Notwithstanding the changes in the aspect of the Southern rebellion have been since its commencement, as numerous as those of the kaleidoscope, rendering any definite opinion of the result, almost impossible; yet it now seems conclusive that secession in word though it be, is confined to the States that have rushed into it, rashly and inconsiderately. The votes of the people of the Border States, decide that they will have nothing to do with the perilous business in which South Carolina and the other seceding States are engaged. One of the greatest evils which has arisen from this difficulty, and [from] the attendant want of firmness on the part of Mr. Buchanan’s Administration, is the estimation placed upon our Government by Foreign Powers. Had he acted with firmness in the first place, and discharged his duty, rebellion would have been crushed, and our strength been assured.

In glancing at the present position of the country, and the means which must be adopted to bring it back to the position from which it receded through want of firmness on the part of the President, it is manifest that the only plan to adopt is the one which unfortunately, was neglected at the outset. Certain States are found in open rebellion, and proclaiming that they will not submit to the laws until they have received all they demand.—Many Unionists and Democrats say that what all these States demand should be yielded. They say that everything should be conceded ere the Union should be dissolved. On the other hand, the Republicans take a bolder and a better course. They say that as none of the just rights of any State have been infringed, those States who are in open rebellion have no right to dictate the terms upon which they will resume their allegiance. They say that this Government is not one depending for its existence upon the will of any one State, and that when a State thinks her rights invaded she must seek redress by lawful means. They say that this Government must be preserved, and that the way to preserve it is to be firm—to show rebels that they must return to their duty, and that no sacrifice of principle will be made to them. The idea of sacrificing any principle to preserve a Government, which is to be broken up whenever a State cho[o]ses to think that she is aggrieved, is simply ridiculous. If this Government be what the Secessionists claim that it is, then the sooner we change it the better. The Republicans believe, however, that our Government is all that is needed, and that whatever it has seemed to lack in strength, has been only an apparent weakness, resulting from a want of firmness in those who administered it. They propose to restore it to its normal condition, merely by enforcing the Constitution and the laws. Such a course is evidently the only one by which rebellion can be put down, and our Government proved to be what its founders intended it should be.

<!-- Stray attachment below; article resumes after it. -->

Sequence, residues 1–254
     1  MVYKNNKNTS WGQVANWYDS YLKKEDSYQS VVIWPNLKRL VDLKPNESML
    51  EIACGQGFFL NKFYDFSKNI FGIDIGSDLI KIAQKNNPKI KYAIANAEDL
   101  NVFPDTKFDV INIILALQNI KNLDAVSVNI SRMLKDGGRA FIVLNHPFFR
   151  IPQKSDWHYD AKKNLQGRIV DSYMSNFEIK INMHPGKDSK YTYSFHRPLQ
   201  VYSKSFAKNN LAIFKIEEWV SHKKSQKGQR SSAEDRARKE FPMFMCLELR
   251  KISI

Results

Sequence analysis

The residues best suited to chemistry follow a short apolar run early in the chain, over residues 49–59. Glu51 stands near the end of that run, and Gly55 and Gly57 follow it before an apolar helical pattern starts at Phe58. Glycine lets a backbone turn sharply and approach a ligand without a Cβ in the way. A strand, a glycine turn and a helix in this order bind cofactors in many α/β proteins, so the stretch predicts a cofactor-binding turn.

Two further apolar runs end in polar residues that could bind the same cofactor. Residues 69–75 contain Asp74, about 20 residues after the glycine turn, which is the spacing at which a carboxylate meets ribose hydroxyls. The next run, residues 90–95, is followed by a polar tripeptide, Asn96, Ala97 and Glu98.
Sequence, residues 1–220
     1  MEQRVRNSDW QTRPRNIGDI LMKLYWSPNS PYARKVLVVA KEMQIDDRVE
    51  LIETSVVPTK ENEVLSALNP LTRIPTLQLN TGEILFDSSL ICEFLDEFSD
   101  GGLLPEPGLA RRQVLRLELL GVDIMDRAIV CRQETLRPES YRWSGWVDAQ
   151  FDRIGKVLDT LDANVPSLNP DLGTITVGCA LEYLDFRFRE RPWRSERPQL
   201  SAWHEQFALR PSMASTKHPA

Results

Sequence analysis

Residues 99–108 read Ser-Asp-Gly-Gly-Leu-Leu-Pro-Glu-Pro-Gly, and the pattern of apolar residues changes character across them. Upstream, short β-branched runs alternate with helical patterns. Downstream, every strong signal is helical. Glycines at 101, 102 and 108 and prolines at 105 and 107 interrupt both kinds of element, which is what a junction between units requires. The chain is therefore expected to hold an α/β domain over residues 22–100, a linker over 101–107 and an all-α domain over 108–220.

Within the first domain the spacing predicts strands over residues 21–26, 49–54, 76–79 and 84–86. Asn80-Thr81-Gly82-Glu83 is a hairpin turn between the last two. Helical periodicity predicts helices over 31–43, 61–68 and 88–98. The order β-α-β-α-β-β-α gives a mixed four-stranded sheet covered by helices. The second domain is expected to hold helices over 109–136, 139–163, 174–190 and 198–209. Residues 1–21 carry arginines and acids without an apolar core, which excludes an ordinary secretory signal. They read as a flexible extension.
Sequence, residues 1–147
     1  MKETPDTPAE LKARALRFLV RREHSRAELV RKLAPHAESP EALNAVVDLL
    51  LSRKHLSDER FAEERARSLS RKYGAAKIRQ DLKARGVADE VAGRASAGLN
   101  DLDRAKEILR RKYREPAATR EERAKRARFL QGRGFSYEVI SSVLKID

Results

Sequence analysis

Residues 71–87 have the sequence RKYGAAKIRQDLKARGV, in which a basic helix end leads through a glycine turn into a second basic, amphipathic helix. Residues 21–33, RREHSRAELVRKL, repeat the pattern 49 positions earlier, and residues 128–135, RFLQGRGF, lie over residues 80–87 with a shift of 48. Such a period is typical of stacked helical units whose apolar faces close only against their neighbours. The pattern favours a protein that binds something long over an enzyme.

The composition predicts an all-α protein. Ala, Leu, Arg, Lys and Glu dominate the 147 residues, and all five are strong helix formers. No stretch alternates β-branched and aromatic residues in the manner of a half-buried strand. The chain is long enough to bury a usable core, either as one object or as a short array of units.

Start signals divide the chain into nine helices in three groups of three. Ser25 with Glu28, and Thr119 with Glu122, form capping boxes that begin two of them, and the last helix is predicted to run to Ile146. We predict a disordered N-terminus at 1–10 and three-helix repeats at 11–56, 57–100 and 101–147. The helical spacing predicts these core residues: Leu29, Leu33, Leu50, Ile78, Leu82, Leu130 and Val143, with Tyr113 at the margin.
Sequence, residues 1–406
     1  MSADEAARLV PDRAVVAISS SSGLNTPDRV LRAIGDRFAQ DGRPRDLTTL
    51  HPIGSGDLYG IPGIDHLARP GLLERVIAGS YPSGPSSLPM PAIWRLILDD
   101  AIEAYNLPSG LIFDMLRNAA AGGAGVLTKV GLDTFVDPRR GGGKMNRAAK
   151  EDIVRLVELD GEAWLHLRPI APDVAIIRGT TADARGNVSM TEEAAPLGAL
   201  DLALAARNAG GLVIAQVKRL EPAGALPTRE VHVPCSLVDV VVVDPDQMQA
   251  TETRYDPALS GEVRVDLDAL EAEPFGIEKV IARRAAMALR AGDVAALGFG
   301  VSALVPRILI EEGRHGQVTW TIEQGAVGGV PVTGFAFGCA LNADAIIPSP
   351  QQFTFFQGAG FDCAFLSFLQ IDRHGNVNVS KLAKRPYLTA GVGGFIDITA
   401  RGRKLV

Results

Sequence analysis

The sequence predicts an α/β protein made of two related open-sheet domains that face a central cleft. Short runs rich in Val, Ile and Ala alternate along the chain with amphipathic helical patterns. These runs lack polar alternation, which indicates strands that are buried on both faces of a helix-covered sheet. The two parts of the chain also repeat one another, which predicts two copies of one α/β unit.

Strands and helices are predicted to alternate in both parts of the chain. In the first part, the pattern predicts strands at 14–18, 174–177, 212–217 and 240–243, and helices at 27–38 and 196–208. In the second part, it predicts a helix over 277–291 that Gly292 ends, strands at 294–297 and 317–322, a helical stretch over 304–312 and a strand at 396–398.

It seems that the views of the Republicans are somewhat similar to those entertained by those abroad who are interested in this country. In a letter to a gentleman in Boston, Mr. Peabody, the London banker, says that the credit of this Government is now on trial in Europe, and that concessions to rebels, in the purchasing of the permission to peacefully inaugurate the President-elect, would give that credit a fearful blow—that people there will not trust a Government which, when its foundations are attacked, instead of upholding law and order, treats with the traitors.

Now, the London Times may proclaim that this Federation has been shipwrecked, and the President of the so-called Southern Confederacy may add one hundred speeches to the twenty-five he has already made, declaring that the time for all compromise has passed, that Southern independence must be preserved, and that no propositions for reconstructing the Union be entertained; but notwithstanding all this, rebels will be brought to their senses, and our Government, proved to be full as strong as is necessary. Every day only gives proof that the vaunted vigor of the new Confederation is rapidly declining. Time effects wonderful cures, and in the present case of Secession, it is already doing its work. Sober, second thought is very apt to lead to a business view of affairs. Secession, theoretically, is no doubt very promising. It leads to thoughts of future greatness, and of the acquisition of immense territory. Secession, practically, is evidently very unprofitable, so much so that the seceding States are yet unwilling to yield up the practical benefits of Union. Facts show, too, that secession is not the desire of the majority of the South, and when the madness of the Secessionists is fully spent, the voice of the Unionists will be fairly heard. Had Mr. Buchanan dealt promptly and firmly with that miserable little piece of territory denominated South Carolina, the conservative portion of the South would have been able to exert its influence. The people of that State need strait-jackets in the shape of blockaded ports and the stoppage of the mails. They already kick in their new harness. Nothing but firmness on the part of the Federal Government can restore their reason. This firmness may be looked for after the fourth of next month. When the people of the Southern Confederacy find that there is still some firmness and some strength in the Federal Government, they will not be long in discovering how silly a game they have played.—Mr. Davis will then be compelled to seek something more profitable than making treasonable speeches, and constructing Cabinets.